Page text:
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Acute Lymphoblastic Leukemia Risk Linked to Genetically Mediated Increase in Lymphocytes

By LabMedica International staff writers
Posted on 15 Sep 2021
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Image: Acute lymphoblastic leukemia: bone marrow aspirate smear reveals increased blasts which are small to medium in size with high nuclear-to-cytoplasmic ratios, round to irregular nuclei, smooth chromatin, and scant basophilic agranular cytoplasm. Some background maturing myeloid cells are also present in this case (Photo courtesy of Karen M. Chisholm, MD, PhD)
Image: Acute lymphoblastic leukemia: bone marrow aspirate smear reveals increased blasts which are small to medium in size with high nuclear-to-cytoplasmic ratios, round to irregular nuclei, smooth chromatin, and scant basophilic agranular cytoplasm. Some background maturing myeloid cells are also present in this case (Photo courtesy of Karen M. Chisholm, MD, PhD)
Acute lymphoblastic leukemia (ALL) is a cancer of the lymphoid line of blood cells characterized by the development of large numbers of immature lymphocytes. As an acute leukemia, ALL progresses rapidly and is typically fatal within weeks or months if left untreated.

ALL is the most common cancer among children under 15 years old and is thought to develop under a two-hit model, under which a preleukemic clone develops in utero and a second somatic mutation then spurs the development of leukemia. While some genetic risk loci linked to ALL include variants in genes that have also been associated with hematopoiesis, lymphoid development, and blood-cell traits.

Genetic Epidemiologists at the University of Southern California (Los Angeles, CA, USA) and their colleagues investigated the etiological relevance of dysregulated blood-cell homeostasis in a genome-wide association study (GWAS) of childhood ALL (2,666 affected individuals, 60,272 control individuals) and a multi-trait GWAS of nine blood-cell indices in the UK Biobank. They examined blood cell traits such as lymphocyte, platelet, and neutrophil counts, as well as neutrophil-to-lymphocyte ratios and platelet-to-lymphocyte ratios.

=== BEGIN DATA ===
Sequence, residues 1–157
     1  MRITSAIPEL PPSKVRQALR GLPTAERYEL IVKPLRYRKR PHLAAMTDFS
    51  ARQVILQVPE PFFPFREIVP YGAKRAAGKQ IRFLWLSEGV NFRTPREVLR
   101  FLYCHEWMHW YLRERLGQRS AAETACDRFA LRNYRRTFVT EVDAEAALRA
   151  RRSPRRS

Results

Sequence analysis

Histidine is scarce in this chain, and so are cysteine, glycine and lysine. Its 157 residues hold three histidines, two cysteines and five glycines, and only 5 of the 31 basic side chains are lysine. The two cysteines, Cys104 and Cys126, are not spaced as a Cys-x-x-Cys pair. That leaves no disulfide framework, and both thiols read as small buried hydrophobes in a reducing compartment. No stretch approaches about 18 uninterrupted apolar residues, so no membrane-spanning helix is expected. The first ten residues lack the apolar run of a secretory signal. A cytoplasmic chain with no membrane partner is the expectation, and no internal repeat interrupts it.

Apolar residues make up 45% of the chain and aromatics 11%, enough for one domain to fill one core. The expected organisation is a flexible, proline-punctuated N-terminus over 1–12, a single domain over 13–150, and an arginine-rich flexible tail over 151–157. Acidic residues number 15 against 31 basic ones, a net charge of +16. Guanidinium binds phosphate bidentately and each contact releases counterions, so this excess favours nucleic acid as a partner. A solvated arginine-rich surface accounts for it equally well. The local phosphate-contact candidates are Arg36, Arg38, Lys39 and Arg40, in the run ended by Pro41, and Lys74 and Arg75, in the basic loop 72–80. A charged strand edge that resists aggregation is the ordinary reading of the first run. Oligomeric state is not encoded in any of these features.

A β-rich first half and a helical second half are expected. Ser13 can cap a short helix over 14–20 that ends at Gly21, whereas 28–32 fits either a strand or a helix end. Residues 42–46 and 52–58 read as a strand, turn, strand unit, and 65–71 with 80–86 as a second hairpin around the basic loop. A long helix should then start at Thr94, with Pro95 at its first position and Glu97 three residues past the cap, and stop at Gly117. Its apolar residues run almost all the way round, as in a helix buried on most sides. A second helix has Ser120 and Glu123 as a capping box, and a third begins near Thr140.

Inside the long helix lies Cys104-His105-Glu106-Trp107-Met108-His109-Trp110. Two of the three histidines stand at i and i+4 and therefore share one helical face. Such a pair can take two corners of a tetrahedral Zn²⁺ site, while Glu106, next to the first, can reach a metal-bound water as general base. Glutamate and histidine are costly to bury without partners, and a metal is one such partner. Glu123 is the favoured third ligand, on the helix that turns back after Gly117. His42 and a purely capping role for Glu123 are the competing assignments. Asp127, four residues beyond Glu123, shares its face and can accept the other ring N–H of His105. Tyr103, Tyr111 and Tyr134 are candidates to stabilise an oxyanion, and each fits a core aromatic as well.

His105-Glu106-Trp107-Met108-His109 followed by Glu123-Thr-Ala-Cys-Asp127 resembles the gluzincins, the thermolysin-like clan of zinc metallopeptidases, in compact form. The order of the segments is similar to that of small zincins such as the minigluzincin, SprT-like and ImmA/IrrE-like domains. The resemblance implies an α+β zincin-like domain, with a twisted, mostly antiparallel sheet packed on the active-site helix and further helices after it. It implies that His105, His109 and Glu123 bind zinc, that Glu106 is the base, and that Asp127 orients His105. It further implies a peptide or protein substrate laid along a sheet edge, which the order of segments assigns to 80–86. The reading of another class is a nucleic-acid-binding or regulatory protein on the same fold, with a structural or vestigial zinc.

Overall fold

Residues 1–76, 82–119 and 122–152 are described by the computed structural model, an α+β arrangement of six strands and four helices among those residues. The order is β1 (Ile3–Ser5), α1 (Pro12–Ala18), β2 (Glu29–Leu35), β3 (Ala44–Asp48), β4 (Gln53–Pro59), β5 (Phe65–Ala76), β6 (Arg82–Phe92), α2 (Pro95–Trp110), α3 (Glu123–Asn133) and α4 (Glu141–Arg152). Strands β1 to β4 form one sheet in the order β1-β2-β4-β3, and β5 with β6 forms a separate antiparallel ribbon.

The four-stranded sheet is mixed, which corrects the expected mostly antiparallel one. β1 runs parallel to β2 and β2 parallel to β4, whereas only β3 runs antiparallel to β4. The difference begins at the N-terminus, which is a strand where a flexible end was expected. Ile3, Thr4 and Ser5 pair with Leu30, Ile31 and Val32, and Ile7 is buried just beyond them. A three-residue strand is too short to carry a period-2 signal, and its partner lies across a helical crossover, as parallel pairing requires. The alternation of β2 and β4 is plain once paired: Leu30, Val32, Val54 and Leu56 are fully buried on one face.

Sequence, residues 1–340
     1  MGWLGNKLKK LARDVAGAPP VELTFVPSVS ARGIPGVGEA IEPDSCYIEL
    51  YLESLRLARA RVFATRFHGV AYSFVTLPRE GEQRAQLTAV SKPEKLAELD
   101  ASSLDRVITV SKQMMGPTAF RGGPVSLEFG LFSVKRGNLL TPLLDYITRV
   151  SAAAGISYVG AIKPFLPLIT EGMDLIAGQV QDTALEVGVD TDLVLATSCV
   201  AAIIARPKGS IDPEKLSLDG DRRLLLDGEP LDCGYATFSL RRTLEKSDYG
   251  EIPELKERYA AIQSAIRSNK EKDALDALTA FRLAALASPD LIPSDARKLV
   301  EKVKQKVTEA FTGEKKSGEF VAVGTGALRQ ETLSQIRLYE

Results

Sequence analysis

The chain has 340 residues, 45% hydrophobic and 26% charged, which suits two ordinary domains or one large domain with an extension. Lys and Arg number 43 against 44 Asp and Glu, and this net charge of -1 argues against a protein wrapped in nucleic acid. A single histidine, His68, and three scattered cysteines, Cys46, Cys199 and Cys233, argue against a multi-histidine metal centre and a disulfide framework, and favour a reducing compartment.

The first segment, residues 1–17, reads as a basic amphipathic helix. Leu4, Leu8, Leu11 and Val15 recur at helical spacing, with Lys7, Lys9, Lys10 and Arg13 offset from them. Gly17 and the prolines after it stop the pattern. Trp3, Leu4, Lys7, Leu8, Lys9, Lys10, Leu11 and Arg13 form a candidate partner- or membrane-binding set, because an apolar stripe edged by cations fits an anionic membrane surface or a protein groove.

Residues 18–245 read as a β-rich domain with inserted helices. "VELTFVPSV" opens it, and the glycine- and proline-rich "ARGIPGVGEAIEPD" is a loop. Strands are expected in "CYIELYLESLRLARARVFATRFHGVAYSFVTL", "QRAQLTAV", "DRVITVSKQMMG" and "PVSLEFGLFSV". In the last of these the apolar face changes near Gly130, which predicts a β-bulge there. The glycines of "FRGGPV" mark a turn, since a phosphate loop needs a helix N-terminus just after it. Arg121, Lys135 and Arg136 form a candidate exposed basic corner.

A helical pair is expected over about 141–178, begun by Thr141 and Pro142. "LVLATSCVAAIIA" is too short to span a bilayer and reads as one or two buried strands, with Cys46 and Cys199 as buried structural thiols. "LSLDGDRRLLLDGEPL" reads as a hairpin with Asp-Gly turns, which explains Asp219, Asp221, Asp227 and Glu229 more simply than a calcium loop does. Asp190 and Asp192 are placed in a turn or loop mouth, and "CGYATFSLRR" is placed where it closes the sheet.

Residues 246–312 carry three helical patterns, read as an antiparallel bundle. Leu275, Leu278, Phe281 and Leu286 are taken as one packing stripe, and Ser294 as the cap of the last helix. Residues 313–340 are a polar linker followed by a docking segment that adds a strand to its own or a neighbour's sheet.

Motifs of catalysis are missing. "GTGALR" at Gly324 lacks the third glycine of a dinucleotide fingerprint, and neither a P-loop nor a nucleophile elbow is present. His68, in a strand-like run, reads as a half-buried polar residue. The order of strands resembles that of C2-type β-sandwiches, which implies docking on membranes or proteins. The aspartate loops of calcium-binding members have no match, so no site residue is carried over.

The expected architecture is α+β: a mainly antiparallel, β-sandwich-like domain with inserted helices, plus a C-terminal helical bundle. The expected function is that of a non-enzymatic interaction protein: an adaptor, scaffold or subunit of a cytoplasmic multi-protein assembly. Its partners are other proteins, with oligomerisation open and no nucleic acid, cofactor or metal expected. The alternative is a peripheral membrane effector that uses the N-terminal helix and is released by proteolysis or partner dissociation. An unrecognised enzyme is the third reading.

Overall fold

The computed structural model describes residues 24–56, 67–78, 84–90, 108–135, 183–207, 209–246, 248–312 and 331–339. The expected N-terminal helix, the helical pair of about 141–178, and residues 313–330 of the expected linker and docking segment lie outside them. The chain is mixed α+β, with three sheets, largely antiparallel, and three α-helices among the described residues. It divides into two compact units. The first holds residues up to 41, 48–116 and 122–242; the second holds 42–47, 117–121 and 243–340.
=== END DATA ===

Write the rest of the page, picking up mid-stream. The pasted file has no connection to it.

The investigators reported that about 3,000 genetic variants were associated with one or more of these hematological traits and explained between 4% and nearly 24% of the variation in those traits. Additionally, 115 loci were linked to blood-cell ratios. They uncovered positive correlations between increased lymphocyte counts, lymphocyte-to-monocyte ratio, and neutrophil levels with ALL risk, and an inverse correlation between a higher platelet-to-lymphocyte ratio and ALL risk.

A clustering analysis identified two putative novel ALL risk variants from among those associated with blood cell traits, one on chromosome 2q22.1 and one within the FLT3 gene on 13q12.2. The scientists noted that variants within FLT3 have recently been linked to an increased risk of autoimmune thyroid disease and acute myeloid leukemia (AML). The allele linked to both ALL and AML risk lead to a truncated FLT3 protein, but an increase in FLT3 ligand levels. While this variant has a greater effect on the development of myeloid cells, they said it could also affect ALL risk through its activation of the RAS/MAPK pathway.

The authors concluded that their study showed that a genetically induced shift toward higher lymphocyte counts, overall and in relation to monocytes, neutrophils, and platelets, confers an increased susceptibility to childhood ALL. The study was published on August 31, 2021 in the American Journal of Human Genetics.

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